Saturday, July 27, 2013

Global Impact: Update--Canadian, Australian Wanted in Connection with 2012 Bulgarian Bus Bom

According to The National Post, Bulgarian authorities have named a Canadian terror suspect, Hassan El Hajj Hassan, 25, as a wanted fugitive and suspected Hezbollah operative involved in last year’s bombing of a tourist bus at an airport on Bulgaria’s coast that killed five Israelis and their local driver. Hassan is a Canadian-Lebanese dual national.

Additionally, the Bulgarian Ministry of Interior said Thursday (July 25) has released the name of a second suspect in the bombing, Australian citizen Meliad Farah, age unknown.  Farah also reportedly goes by the name of  Hussein Hussein.

Both men were seen in several parts of Bulgaria in the weeks before the July 18, 2012, airport Israeli at Burgas Airport (situated 400 kilometers or 248 miles from the capital of Sofia).

While in Canada, Hassan is suspected of also collecting money transfers from Hezbollah. Roughly $100,000 in additional funds were received through accounts in Australia, with the money allegedly earmarked for organizing the bombing and fact-finding missions in other countries.

Bulgarian authorities believe that Hassan and Farah received operational and weapons training from Hezbollah in Lebanon prior to the attack.

COMMENT: Hassan came to Canada at the age of eight, with his mother and brother, to join their father who had immigrated years earlier. The family settled in Vancouver. It is believed that Hassan became a Canadian citizen some 15 years ago when he was younger, yet after his parents divorced in 2000, he has been living in Beirut, where he may have become radicalized.

The two confederates were allegedly recruited by Hezbollah while they were studying in Beirut. 

Both suspects would be tried in Bulgaria if they are ever arrested, although if in Lebanon, the likelihood of their being arrested is unlikely.

Hassan allegedly arrived in Bulgaria three weeks before the bombing. He then began using a fake Michigan driver’s license that named him as Ralph William Rico. The suspects allegedly built the explosive device in Bulgaria.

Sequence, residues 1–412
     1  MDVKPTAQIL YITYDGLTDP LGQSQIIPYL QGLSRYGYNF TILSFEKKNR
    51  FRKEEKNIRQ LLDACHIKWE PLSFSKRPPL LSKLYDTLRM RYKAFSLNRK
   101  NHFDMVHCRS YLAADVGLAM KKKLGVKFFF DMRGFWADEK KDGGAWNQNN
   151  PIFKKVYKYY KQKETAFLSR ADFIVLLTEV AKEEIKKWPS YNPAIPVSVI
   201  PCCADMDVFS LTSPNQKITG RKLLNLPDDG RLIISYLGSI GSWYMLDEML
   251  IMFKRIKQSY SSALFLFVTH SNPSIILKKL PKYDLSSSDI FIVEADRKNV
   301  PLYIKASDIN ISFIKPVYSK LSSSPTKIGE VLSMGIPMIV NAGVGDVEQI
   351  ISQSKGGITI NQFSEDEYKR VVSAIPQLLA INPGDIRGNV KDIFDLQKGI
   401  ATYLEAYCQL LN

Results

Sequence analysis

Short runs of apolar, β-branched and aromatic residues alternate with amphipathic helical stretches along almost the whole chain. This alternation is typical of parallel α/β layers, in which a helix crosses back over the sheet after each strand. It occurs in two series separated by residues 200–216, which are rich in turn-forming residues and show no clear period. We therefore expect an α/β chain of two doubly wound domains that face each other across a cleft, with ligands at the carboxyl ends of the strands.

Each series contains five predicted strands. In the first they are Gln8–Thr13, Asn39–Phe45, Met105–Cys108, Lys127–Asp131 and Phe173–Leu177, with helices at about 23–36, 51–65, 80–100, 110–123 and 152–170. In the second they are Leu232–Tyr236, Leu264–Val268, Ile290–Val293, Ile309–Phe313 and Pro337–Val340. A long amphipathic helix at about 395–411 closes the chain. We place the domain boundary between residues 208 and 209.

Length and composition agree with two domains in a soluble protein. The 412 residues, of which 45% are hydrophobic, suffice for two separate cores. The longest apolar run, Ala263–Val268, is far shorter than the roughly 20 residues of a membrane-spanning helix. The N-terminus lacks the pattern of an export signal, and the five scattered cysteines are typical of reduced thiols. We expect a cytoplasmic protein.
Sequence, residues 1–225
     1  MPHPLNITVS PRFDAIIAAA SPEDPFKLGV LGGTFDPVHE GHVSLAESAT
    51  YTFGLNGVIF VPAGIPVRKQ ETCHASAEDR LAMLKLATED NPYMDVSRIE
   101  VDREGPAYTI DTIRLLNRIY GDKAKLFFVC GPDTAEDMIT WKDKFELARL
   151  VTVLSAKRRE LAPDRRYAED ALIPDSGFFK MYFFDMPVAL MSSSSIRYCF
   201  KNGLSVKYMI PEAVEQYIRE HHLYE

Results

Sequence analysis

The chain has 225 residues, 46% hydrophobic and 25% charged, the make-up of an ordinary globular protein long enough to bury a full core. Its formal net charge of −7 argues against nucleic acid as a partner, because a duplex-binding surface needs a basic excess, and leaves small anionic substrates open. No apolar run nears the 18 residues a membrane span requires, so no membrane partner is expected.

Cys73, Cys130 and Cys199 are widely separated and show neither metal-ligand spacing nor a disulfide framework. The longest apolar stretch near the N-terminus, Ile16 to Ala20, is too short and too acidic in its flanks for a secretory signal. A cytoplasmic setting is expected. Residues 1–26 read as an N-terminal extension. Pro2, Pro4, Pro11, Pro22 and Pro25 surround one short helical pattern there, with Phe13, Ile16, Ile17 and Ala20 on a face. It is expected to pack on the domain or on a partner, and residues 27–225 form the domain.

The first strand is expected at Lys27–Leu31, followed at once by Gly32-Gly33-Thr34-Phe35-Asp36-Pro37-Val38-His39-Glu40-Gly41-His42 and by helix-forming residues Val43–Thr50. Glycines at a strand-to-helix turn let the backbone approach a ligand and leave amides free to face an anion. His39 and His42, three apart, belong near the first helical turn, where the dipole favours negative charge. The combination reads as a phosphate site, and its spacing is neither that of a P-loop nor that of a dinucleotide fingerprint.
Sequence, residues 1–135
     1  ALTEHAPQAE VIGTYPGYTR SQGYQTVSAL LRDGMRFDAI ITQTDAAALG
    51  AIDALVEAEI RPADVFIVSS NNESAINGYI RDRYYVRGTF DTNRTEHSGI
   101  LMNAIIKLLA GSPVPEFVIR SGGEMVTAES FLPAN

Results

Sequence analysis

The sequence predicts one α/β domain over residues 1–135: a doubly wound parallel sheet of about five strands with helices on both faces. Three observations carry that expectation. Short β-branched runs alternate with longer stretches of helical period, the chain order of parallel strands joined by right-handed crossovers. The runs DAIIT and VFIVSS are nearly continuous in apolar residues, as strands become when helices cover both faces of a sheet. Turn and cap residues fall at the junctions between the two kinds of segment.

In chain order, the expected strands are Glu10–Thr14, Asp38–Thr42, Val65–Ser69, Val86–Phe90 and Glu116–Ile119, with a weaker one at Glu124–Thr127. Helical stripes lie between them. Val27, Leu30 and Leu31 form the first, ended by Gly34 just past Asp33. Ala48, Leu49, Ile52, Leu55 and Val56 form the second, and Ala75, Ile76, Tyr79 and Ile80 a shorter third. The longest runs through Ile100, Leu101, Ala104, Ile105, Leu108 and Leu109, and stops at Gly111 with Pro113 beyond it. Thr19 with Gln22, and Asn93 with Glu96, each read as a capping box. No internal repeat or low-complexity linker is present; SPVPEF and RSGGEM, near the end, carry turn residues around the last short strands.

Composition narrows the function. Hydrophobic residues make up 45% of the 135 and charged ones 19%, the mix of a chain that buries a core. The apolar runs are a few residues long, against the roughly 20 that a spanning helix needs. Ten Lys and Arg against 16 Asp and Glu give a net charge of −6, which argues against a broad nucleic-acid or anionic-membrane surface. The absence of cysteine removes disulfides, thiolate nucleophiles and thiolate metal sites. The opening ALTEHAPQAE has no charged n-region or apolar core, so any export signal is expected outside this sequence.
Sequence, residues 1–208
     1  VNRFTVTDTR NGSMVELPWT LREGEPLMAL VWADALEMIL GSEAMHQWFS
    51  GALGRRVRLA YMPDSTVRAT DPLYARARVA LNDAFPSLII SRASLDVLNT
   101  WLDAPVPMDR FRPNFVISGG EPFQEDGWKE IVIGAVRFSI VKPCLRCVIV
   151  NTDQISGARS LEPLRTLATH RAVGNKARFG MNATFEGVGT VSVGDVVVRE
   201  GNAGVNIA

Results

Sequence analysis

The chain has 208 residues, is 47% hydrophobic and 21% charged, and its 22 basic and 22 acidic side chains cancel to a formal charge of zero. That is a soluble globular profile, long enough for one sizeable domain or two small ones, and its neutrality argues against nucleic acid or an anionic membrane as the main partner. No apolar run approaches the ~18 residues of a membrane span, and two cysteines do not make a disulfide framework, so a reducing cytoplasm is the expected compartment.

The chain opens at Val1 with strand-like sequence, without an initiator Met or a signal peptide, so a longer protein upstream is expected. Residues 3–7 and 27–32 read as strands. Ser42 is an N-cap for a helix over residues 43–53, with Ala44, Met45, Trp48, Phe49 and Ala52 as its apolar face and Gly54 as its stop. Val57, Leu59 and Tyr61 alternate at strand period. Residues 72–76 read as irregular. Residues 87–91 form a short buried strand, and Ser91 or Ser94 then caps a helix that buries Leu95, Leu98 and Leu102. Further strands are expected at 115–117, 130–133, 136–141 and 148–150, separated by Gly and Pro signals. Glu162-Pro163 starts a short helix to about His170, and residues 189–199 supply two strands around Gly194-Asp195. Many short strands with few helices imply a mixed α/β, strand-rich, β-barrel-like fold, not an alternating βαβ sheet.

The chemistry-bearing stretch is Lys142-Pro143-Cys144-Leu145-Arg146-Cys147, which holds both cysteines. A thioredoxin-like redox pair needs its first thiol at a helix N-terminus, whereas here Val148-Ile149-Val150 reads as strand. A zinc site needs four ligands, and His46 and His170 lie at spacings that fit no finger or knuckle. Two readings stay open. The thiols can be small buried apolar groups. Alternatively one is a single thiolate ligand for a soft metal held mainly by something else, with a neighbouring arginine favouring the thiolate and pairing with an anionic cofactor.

Although investigators initially described the attack as a suicide bombing, they now believe the bomb, hidden in a backpack, went off prematurely as it was being planted in the bus’s luggage compartment.

DNA found on a fraudulent MI driving permit was recovered outside of the bus following the bombing. It is believed that the suicide bomber that was killed following the detonation may have been related to Hassan.

The attack targeted Israeli tourists arriving at Sarafovo Airport from Tel Aviv to visit the sunny beaches of Bulgaria’s Black Sea resort area. Thirty-two people were injured. 

Bulgarian counterterrorism sources believe that Hassan and Farah AKA Hussein Hussein that Hassan and/or Farah may be using fraudulent identification in the names of Brian Jeremiah Jameson, Jacque Felipe Martin and Ralph William Rico.

In July 2012, Farah reportedly rented a Renault Clio with the licence plate number А9027КТ in the village of Ravda.

The Canadian government has already taken legal action to strip Canadian citizens convicted of terrorism of their citizenship resulting in their passports being cancelled.

The Bulgarian government has already determined that Hezbollah was behind the July 2012 Burgas Israeli bus bombing and confirmed that the fraudulent US driving permits were produced by a Beirut printer linked to the terror group.